Dovedale by Moonlight
|Dovedale by Moonlight|
|Artist||Joseph Wright of Derby|
|Dimensions||62.5 cm × 77.8 cm (24.6 in × 30.6 in)|
|Location||Allen Memorial Art Museum, Oberlin College, Ohio|
Dovedale by Moonlight is one of five paintings by Joseph Wright of Derby which uses the picturesque valley of Dovedale as its subject. These paintings were sometimes made as pairs with one showing the view by day and the other by moonlight. Wright admitted that he had not observed this scene directly, "Moon lights & fire lights are but a sort of work with me for I cant with impunity go out at night and study the former, & the latter I have seen but once, and at a time too, when I thought not of painting such effects."
Dovedale is a very popular dale in Staffordshire and Wright's home county of Derbyshire. Admired in Wright's time, it has been owned by the National Trust since 1924 and made available to the many Peak District visitors. Dovedale is named for the River Dove and it is 3 miles (5 km) long.
Wright's paintings appear to be from nature, but in a letter of 1787 he said that he had observed moonlight and firelight only once at night and this was some time before he decided to create this series of paintings. However his preparatory sketches show that he was using a mixture of studies and chance. The unusual reversal of light and shade in the trees in the sketch of Dovedale is said to be after using techniques created by the Russian born Alexander Cozens. Wright owned paintings by Cozens who taught his students to paint landscapes. He told them to create blots on paper and then use these as inspiration for the composition.
There are no known Derbyshire landscapes by Wright that are dateable before 1786. One of the problems is that many of Wright's paintings are dated by consulting Wright's accounts in his notebook. In the case of his English landscapes this has proved challenging. It is known that some of the Dovedale pictures are some of his earliest English landscapes. Wright frequently repeated a popular subject in his paintings as he did with his Virgil's Tomb pictures and his Blacksmith's Shop paintings. In this case he made five very similar paintings. The version at Oberlin College was painted in 1785 to 1786 and sold to Edward Mundy of Shipley Hall. The college obtained it in 1951. There is a matching painting to this which is a similar view but in daylight. That painting is still in Derbyshire at Parwich Hall which is in a small village close to Dovedale. Wright also did a daylight view of Dovedale in 1787 which he gave to the industrialist Josiah Wedgwood out of respect for his patronage on the arts. This painting is now in the Wedgwood Museum. Two other paintings of Dovedale were sold to Sir Brooke Boothby bt. of Ashbourne Hall, who had helped Wright when he put on the first one-man exhibition in London. Boothby also purchased two views of nearby Matlock, two paintings of bridges in Rome as well as an unusual 1781 portrait of himself lying by a brook holding a book by Rousseau.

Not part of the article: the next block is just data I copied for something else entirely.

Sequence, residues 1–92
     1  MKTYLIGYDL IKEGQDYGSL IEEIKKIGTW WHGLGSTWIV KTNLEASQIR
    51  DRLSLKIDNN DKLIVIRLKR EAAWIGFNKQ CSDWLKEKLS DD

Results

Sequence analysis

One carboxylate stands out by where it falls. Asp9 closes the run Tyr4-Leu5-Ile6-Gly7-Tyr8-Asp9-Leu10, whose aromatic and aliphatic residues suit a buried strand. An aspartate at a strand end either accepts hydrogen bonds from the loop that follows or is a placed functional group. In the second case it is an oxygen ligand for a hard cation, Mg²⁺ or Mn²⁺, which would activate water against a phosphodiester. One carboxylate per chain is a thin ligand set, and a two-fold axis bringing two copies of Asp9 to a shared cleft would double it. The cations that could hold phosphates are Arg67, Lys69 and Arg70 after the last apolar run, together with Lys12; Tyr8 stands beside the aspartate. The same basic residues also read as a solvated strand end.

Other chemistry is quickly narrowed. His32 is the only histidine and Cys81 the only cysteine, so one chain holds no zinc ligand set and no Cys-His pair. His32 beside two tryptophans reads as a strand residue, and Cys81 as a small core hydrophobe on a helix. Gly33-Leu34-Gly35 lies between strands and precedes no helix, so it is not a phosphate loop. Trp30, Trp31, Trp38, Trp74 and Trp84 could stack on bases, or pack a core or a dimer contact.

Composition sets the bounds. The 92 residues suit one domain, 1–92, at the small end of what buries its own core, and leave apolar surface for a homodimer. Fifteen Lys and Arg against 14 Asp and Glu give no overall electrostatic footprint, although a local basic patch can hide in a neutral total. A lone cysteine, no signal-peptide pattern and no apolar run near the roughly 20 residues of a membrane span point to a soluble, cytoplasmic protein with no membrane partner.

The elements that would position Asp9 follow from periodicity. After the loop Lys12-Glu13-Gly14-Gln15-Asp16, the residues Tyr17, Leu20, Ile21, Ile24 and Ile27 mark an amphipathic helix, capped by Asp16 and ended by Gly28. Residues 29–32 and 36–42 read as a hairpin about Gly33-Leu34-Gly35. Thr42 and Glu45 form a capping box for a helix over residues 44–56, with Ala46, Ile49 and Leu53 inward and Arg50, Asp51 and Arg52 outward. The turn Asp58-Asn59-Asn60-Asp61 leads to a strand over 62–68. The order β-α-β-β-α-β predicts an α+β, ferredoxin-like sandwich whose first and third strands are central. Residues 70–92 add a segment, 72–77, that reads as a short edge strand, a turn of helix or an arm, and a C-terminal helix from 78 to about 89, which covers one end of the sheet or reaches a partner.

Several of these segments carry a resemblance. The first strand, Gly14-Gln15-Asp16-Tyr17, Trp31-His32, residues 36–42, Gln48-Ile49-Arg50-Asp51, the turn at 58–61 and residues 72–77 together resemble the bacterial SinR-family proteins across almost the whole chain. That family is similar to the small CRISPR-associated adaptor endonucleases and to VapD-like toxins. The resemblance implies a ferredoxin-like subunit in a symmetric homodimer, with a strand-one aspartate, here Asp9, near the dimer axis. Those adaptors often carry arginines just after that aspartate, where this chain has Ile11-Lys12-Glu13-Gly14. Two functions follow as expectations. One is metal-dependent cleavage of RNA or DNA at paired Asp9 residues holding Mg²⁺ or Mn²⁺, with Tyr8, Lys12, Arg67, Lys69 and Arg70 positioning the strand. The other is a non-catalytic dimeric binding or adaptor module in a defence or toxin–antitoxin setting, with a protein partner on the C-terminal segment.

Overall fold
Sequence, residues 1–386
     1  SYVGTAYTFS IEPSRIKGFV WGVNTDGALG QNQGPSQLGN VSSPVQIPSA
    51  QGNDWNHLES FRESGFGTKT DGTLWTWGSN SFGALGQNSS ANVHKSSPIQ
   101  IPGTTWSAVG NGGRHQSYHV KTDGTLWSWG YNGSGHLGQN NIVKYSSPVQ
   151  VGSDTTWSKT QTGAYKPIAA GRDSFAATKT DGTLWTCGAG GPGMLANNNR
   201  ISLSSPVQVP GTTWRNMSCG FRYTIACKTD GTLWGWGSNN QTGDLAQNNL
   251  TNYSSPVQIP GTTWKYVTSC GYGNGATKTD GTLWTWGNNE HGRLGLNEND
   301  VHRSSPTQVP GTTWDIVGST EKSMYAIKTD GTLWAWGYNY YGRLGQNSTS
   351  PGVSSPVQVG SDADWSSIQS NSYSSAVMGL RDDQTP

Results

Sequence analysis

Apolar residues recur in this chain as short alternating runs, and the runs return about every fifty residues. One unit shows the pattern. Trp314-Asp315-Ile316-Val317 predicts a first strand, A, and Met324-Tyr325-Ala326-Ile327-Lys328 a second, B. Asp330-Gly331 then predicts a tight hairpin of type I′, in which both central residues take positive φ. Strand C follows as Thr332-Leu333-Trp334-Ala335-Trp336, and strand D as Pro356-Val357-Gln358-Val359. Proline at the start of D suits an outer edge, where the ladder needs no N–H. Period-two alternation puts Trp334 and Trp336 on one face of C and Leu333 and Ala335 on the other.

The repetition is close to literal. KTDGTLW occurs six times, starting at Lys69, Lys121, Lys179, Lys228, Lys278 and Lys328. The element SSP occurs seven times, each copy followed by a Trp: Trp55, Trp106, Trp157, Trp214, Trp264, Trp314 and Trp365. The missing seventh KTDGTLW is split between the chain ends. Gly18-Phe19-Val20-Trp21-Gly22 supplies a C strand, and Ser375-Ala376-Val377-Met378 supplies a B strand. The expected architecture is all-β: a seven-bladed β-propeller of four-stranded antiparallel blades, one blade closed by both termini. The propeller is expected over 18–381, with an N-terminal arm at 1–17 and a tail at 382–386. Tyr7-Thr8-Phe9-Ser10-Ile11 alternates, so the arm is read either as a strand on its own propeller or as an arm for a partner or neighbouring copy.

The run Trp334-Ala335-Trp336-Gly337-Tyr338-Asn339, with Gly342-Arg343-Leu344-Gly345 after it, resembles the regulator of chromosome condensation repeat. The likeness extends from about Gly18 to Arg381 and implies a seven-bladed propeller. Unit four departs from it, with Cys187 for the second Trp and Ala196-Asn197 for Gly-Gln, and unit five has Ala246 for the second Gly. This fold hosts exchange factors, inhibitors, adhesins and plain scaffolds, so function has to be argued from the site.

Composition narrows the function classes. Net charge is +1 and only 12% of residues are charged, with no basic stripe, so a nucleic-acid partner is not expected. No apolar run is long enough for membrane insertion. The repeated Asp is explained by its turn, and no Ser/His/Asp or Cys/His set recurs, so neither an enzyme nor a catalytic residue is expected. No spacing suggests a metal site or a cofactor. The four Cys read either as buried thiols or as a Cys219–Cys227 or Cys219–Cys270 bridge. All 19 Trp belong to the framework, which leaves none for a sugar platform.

- Wieseman, M.E. "Joseph Wright of Derby (English Derby 1734 – 1797) Dovedale by Moonlight, ca. 1784–85". Modern Landscapes. Allen Memorial Art Gallert. Retrieved 24 October 2011.
- "Dovedale in Derbyshire and the Peak District". www.derbyshireuk.net. Retrieved 21 October 2011.
- "Dovedale Fact Sheet" (PDF). peakdistrict.gov.uk. Retrieved 21 October 2011.
- Nicolson, Benedict (1968). Joseph Wright of Derby: painter of light, Volume 1. Taylor & Francis. pp. 87–88. ISBN 978-0-7100-6284-0.
- Turner, Christopher. "The Deliberate Accident". The Tate. Archived from the original on 3 September 2011. Retrieved 21 October 2011.
- Wieseman, M.E. "Joseph Wright of Derby (English Derby 1734 – 1797) Dovedale by Moonlight, ca. 1784–85". Modern Landscapes. Allen Memorial Art Gallert. Retrieved 21 October 2011.
- "Joseph Wright (1734–97)". The Wedgwood Museum. Retrieved 21 October 2011.
- Joseph Wright of Derby, Liverpool Museums, accessed 25 October 2011
- Nicolson, Benedict (1968). Joseph Wright of Derby: painter of light, Volume 1. Taylor & Francis. p. 127. ISBN 978-0-7100-6284-0.